Monday, 19 December 2016

Programming : Using Boost File System Directory Iterator to Find a File

PLEASE NOTE, THIS POST CONTAINS UPDATES TO PREVIOUS POSTS - BOOST 1.62.0 NO LONGER TAKES THE "MinGW" DIRECTIVE, TO USE MINGW YOU NOW ONLY NEED PASS THE "GCC" DIRECTIVE; see section 5.2.2 at this link...

Today I'm going to do some code, this is a code example with Code::Blocks using the Mingw compiler on Windows, to build the boost libraries and then use the boost.filesytem library to find a specific file from a given root, first just looking in that directory at all its files and the finally making it recurse down the tree of files.

First things first, lets create a folder to work in, I'm going to call it "FindaFile", inside this I'm going to create "ext" for external items, which is where I'll place & build boost; and I'll create "src" for source which is where our project file & source code will reside... Lets get started...

Next...


Extract the boost library, I happen to be using 1.62.0, which is the current version at the time of writing... And I then need a command prompt which knows the location of the compiler for mingw (i.e. we've added it to the PATH environment variable)...


We're preparing to build boost with the mingw toolset...


And then performing the boost build, which on this machine is going to take a long time as I only have 2gb of RAM... Hit that donate button to help me improve some of my machines!


So the path was set, the bootstrap is performed:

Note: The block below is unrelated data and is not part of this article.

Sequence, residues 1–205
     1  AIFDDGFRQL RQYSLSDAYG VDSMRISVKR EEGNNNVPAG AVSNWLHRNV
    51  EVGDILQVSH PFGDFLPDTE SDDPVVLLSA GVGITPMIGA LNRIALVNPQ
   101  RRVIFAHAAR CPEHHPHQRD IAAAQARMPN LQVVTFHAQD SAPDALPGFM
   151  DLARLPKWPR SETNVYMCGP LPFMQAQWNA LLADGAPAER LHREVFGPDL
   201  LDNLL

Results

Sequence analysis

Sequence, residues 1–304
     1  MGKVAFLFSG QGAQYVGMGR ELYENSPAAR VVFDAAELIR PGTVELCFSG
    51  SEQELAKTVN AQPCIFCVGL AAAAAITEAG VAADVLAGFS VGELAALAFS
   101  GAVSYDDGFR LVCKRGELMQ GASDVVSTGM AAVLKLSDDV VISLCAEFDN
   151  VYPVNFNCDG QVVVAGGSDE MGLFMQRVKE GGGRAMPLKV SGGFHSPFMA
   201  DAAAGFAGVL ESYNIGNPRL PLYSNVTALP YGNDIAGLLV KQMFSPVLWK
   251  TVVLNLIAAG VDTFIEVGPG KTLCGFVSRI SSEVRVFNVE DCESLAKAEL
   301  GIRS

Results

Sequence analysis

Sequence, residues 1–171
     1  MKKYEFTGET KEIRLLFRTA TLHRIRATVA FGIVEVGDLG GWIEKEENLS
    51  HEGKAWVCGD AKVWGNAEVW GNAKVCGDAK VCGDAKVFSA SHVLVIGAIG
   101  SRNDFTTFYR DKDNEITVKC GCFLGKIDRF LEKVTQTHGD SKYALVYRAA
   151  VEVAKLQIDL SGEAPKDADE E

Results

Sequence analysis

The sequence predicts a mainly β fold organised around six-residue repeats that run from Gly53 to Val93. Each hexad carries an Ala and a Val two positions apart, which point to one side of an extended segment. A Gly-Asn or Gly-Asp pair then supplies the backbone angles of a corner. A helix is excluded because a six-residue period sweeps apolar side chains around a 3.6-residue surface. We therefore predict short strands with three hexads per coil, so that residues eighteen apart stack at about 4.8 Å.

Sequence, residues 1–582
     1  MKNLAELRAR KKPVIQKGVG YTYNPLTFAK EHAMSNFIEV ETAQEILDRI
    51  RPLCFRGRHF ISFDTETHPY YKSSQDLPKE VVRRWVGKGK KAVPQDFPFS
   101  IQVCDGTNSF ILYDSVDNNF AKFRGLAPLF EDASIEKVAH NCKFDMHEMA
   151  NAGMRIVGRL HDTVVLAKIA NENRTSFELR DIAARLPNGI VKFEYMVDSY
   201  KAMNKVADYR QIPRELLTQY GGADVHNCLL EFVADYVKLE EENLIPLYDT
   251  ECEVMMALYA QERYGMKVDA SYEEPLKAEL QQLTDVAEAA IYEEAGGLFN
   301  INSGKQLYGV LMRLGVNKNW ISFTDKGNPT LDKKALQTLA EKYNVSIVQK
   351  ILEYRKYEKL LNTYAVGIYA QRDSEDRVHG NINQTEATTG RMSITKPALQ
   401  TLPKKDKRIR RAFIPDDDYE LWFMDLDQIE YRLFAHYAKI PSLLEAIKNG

bootstrap gcc

and then I start the build

b2 toolset=gcc


Once the build is complete the two folders we will be using in our code-blocks project are the "boost" folder within the boost_1_62_0 folder; this contains all the header files for the boost library.  Some of the libraries are header only, so just including this folder into your builds (on gcc with "-I /foldername/") is enough to use boost, items like "lexical_cast" are perfect examples of this.


The other folder is the "/stage/lib" folder, this will contain all the build library binary's.  When you are using the file system it is not a header-only library, you must link against the "boost_filesystem" library file, and this is where it will reside!

You can leave the boost build running and open Code::Blocks now...


And create a new project, with a little bit of normal code, to check everything is working & we have set it to use C++11 (I would like to use a newer C++, but I only have this old compiler installed)....




Now, lets set the build options in the project...


I am going to set C++11, all warnings and stop on fatal errors...


Then I am going to set the compiler to look in the boost folder for the headers...


And now we tell the linker were to look for the libraries....


Our final step is to tell our program to use the filesystem library, when doing this you also need to use the system library... So lets switch to the linker settings and insert those libraries...

Now, the file name we are going to add is:

libboost_system-mgw47-mt-d-1_62.a

Lets break this down, from left to right we are told the this is part of the boost library "libboost" that is is the "system" sub-library, that it was build with "mingw v4.7", that is it the multi-threaded library, that it is built "debug" and it came from boost v1.62... You need to know this, because in our previous pages you will see we ONLY set our search directories and settings for the "Debug" version of the project... When you switch to the clean, smaller, faster "Release" build you will need to set everything again!

We add this library then into the linker settings, within the link library section... We need to add this file and the filesystem file...


The IDE might ask you to add the library as a relative path, this is directly pointing to the file, and I personally do not advise this, as we've set up the "search directories" we need only enter the filename into the library list.

Now, once the boost build is completed in the background, we can use the boost file system library in our code, and check for the presence of a file....